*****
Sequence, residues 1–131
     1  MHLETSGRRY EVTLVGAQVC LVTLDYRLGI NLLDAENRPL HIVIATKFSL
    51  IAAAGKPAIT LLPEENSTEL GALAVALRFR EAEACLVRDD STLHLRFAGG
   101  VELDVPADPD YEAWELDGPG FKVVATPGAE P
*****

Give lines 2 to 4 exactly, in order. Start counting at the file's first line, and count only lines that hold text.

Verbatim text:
     1  MHLETSGRRY EVTLVGAQVC LVTLDYRLGI NLLDAENRPL HIVIATKFSL
    51  IAAAGKPAIT LLPEENSTEL GALAVALRFR EAEACLVRDD STLHLRFAGG
   101  VELDVPADPD YEAWELDGPG FKVVATPGAE P